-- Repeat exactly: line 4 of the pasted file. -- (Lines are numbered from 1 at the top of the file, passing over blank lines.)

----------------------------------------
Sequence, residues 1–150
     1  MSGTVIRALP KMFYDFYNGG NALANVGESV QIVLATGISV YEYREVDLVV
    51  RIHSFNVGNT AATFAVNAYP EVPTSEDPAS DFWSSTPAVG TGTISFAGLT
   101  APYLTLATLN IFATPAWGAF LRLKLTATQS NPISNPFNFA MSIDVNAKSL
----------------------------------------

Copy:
   101  APYLTLATLN IFATPAWGAF LRLKLTATQS NPISNPFNFA MSIDVNAKSL